tea

[ tee ]
/ ti /

noun

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Idioms for tea

    one's cup of tea, something suitable, appropriate, or attractive to one: Horror movies and westerns are just not my cup of tea.

Origin of tea

First recorded in 1590–1600; 1940–45 for def. 9; from dialectal Chinese (Xiamen) t'e, akin to Chinese chá

OTHER WORDS FROM tea

tealess, adjective

WORDS THAT MAY BE CONFUSED WITH tea

tea , tee.
Dictionary.com Unabridged Based on the Random House Unabridged Dictionary, © Random House, Inc. 2020

ABOUT THIS WORD

What else does tea mean?

Best served piping hot, tea is slang for “gossip,” a juicy scoop, or other personal information.

Where did the term tea come from?

Tea refers to gossip or other private information. As far as we can tell, it was steeped in Black drag culture.

One theory connects tea to the celebrated drag performer The Lady Chablis, who is quoted in the 1994 bestseller Midnight in the Garden of Good and Evil: “Yeah, my T. My thing, my business, what’s goin’ on in my life.” T, here, is short for truth.

The slang tea may riff on The Lady Chablis’s T as well as on tea parties, at which well-to-do Southern women are popularly imagined to gossip. The term is especially found in the expression spilling the tea, or dishing out the gossip, associated with Black gay slang.

Tea spread thanks in part to RuPaul’s Drag Race starting in 2009. The reality show frequently uses (spilling the) tea for “gossip.” Meanwhile, talk show host Wendy Williams, has been known to drink actual tea while spilling some tea on her Wendy Williams Show.

One internet-famous tea-sipper is The Muppets‘s Kermit the Frog. In it, he is smugly taking a sip of Lipton tea and remarking “But that’s none of my business,” used to throw shade. The meme emerged as early as 2014 and is sometimes used, true to the slang tea, in contexts of gossip.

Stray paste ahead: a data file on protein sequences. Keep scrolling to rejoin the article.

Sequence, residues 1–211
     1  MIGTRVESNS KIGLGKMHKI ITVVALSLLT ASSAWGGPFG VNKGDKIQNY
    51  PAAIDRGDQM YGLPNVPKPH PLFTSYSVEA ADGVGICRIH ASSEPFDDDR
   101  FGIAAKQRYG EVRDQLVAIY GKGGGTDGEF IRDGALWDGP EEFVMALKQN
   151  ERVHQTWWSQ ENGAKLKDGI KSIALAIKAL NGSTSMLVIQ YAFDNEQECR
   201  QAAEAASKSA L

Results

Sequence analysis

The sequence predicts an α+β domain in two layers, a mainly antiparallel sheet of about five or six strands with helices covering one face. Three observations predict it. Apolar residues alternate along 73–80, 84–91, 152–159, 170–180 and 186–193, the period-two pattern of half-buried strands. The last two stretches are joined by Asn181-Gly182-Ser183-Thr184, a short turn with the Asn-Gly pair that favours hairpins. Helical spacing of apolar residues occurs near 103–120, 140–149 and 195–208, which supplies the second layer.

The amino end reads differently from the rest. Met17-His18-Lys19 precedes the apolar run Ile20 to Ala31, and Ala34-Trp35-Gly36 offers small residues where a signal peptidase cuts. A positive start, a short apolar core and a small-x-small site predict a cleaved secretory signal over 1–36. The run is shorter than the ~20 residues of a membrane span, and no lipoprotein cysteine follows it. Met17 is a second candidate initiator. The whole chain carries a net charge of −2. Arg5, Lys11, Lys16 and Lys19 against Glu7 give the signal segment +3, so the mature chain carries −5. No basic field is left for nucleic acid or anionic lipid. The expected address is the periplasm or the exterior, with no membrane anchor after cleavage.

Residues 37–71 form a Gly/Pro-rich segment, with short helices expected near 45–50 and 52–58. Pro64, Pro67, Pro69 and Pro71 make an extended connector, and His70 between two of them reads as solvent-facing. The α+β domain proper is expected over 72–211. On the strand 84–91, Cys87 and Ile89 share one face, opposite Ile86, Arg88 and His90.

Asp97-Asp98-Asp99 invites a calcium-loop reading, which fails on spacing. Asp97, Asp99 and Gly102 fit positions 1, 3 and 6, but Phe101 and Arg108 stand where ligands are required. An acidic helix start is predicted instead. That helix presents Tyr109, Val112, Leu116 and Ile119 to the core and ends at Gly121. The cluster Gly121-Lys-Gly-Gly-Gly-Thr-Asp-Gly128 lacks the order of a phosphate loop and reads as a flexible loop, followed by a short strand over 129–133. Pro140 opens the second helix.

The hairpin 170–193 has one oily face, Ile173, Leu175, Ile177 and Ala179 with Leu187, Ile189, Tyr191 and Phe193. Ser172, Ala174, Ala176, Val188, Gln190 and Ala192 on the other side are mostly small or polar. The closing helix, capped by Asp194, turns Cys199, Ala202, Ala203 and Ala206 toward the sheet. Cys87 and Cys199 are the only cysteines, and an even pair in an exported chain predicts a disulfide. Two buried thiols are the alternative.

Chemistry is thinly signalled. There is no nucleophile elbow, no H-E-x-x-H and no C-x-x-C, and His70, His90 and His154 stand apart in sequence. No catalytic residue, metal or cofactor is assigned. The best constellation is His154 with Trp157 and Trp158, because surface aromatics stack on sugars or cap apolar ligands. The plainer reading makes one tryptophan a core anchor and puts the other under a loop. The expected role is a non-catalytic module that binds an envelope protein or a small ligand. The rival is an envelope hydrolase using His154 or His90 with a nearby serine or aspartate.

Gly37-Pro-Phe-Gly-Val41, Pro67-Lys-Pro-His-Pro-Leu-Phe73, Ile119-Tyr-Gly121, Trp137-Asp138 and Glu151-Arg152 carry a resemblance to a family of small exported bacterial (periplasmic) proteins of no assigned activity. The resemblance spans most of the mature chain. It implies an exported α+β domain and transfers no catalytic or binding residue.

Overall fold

How to use the term tea

The Black gay and drag communities stills love tea, which spread into a more mainstream vernacular thanks to the popularity of RuPaul’s Drag Race.

You can spill the tea like you would use the more common expression spill the beans

Other tea expressions include no tea no shade, what’s the tea sis, and that’s the tea.

It’s also common to see tea being used as a reaction to someone revealing some sensational information (e.g., Tea!).

More examples of tea:

“East St. Louis may not have the staple food like the overrated Harold’s Chicken (all tea, no shade). However, it was the mom and pop shops from your everyday neighbors, educators and church folks that ensured anyone could have a cooked meal when asked.”
—Alana Marie, The Root, February 2019

“When Drake dropped his highly anticipated Scorpion album on June 29, it’s safe to say that everyone was shook by a handful of lyrics in “Finesse,” which seemed to hint at a romance with the model.”
—Lara Walsh, Elite Daily, June 2018

Note

This content is not meant to be a formal definition of this term. Rather, it is an informal summary that seeks to provide supplemental information and context important to know or keep in mind about the term’s history, meaning, and usage.

Example sentences from the Web for tea

British Dictionary definitions for tea

tea
/ (tiː) /

noun

Word Origin for tea

C17: from Chinese (Amoy) t'e, from Ancient Chinese d`a
Collins English Dictionary - Complete & Unabridged 2012 Digital Edition © William Collins Sons & Co. Ltd. 1979, 1986 © HarperCollins Publishers 1998, 2000, 2003, 2005, 2006, 2007, 2009, 2012

Idioms and Phrases with tea

tea

see cup of tea; not for all the tea in china; tempest in a teapot.

The American Heritage® Idioms Dictionary Copyright © 2002, 2001, 1995 by Houghton Mifflin Harcourt Publishing Company. Published by Houghton Mifflin Harcourt Publishing Company.